Academic journal article Violence and Victims

The CAT: A Gender-Inclusive Measure of Controlling and Abusive Tactics

Academic journal article Violence and Victims

The CAT: A Gender-Inclusive Measure of Controlling and Abusive Tactics

Article excerpt

Research has consistently found that partner violence, defined as physical abuse between married, cohabitating, or dating partners, is not the only type of abuse with long-term deleterious effects on victims. Male and female victims alike report that emotional abuse, along with controlling behaviors, are often as or more traumatic. Existing instruments used to measure emotional abuse and control have either been limited to male-perpetrated behaviors, as conceived in the well-known Duluth "Power and Control" wheel, or field tested on dating or general population samples. This study discusses the genesis and evolution of a gender-inclusive instrument, the Controlling and Abusive Tactics (CAT) Questionnaire, which was field tested on males and females with both a clinical and general population sample. For perpetration, a preliminary comparison across gender found no significant differences across gender for the great majority of items, with women reporting significantly higher rates on 9 items, and men reporting significantly higher rates on 6 items. Women reported higher rates of received abuse than men on 28 of 30 items in which gender differences were found to be significant, but both males and females reported higher victimization than perpetration rates on all items. Exploratory and confirmatory factor analyses resulted in the CAT-2, a valid and reliable instrument appropriate for clinical use by treatment providers as well as for research purposes.

Keywords: emotional abuse; psychological abuse; control; dominance; assessment measures

Partner abuse, usually known as domestic violence or intimate partner violence , is usually described in terms of physical aggression such as slapping or punching but is also manifested in nonphysical ways. Traditionally known as power and control behaviors (Pence & Paymar, 1993), these nonphysical forms of aggression include sexual abuse1 and stalking. Consisting of "coercive or aversive acts intended to produce emotional harm or threat of harm" (Murphy & Cascardi, 1999, p. 202), they also include various types of emotional abuse (alternatively known as psychological abuse), consisting of behaviors or tactics that include threats, attempts to restrict a partner's movement and diminish a partner's self-esteem, and the deliberate withdrawal of affection (Maiuro, 2001).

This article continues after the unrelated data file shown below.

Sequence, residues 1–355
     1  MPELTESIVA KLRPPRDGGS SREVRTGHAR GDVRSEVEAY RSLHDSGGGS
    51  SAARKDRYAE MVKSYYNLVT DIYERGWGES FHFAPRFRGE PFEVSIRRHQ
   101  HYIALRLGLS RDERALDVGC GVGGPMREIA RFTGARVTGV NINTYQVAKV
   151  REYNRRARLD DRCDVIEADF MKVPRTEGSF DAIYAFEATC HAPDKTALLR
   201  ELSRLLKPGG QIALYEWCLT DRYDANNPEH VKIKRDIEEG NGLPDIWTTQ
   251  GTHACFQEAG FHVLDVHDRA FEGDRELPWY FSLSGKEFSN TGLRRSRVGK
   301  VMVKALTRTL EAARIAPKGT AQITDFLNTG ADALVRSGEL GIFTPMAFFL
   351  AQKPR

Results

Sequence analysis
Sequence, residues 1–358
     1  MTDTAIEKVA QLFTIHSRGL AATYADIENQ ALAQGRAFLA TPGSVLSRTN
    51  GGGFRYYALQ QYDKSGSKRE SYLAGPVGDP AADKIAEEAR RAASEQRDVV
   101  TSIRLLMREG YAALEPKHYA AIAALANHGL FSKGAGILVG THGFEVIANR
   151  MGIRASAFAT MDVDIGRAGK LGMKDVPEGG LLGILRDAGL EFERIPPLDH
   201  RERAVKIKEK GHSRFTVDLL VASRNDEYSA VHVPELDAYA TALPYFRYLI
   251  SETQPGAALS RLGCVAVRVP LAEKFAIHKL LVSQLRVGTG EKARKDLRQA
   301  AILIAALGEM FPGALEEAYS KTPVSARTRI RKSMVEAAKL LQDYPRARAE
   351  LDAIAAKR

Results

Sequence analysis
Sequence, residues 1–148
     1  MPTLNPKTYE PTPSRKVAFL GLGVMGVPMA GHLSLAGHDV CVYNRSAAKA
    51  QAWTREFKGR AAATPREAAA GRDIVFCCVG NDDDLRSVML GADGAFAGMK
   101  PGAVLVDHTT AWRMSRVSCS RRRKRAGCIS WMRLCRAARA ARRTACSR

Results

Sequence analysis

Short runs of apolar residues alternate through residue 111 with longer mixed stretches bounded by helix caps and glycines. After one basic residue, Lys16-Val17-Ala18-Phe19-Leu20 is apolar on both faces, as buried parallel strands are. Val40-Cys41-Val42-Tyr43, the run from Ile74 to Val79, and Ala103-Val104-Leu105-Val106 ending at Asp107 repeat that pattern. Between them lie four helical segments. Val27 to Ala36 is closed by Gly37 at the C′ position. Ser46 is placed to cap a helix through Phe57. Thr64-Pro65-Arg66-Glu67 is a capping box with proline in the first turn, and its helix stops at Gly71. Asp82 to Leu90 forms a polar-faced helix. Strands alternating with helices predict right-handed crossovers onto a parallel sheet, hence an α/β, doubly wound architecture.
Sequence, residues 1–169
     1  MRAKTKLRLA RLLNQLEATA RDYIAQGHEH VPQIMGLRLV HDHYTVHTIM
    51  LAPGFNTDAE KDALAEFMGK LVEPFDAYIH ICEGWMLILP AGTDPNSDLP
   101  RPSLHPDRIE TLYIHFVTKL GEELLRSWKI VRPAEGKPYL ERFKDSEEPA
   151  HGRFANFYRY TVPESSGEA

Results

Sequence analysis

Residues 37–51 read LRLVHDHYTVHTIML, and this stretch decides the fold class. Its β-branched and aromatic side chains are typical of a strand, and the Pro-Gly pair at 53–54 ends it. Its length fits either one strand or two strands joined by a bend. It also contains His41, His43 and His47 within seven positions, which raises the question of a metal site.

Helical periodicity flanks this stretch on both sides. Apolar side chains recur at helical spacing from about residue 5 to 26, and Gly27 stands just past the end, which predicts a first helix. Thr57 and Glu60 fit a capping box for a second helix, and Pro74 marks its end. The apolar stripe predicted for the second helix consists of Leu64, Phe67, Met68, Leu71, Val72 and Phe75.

Rates of sexual abuse and stalking behaviors have consistently been found to be perpetrated at significantly higher rates by males; however, other forms of emotional abuse and controlling behaviors are perpetrated more often than physical assault, stalking, or sexual abuse (Williams, Ghandour, & Kub, 2008) and at comparable rates across gender, as found in studies drawn from high school and university students (Coker, Sanderson, Cantu, Huerta, & Fadden, 2008; Harned, 2001; Kasian & Painter, 1992; Sears, Byers, & Price, 2007) as well as general population samples (Black et al., 2011; Coker et al., 2002; Follingstad & Rogers, 2014; Outlaw, 2009) and the recent literature review by Carney and Barner (2012).

Emotional abuse and control predict physical abuse perpetration (Cano, Avery-Leaf, Cascardi, & O'Leary, 1998; Kasian & Painter, 1992; Murphy & O'Leary, 1989; Simonelli & Ingram, 1998; Stets, 1991; White, Merrill, & Koss, 2001). Controversy exists as to how more serious, controlling violence should be measured (see Hamel & Russell, 2013, for a fuller discussion), but intimate terrorism (IT) has typically been defined as the combination of high levels of physical violence and emotionally abusive and controlling behaviors (Johnson, 2008, 2011; Johnson & Leone, 2005). Based on this definition, a reanalysis of data from the National Violence Against Women Survey (Jasinski, Blumenstein, & Morgan, 2014) found rates of IT to be comparable across gender. This finding is supported by a review of the domestic violence motivation literature (Langhinrichsen-Rohling, McCullars, & Misra, 2012) as well as a recent survey of men and women enrolled in batterer intervention (Elmquist et al. …

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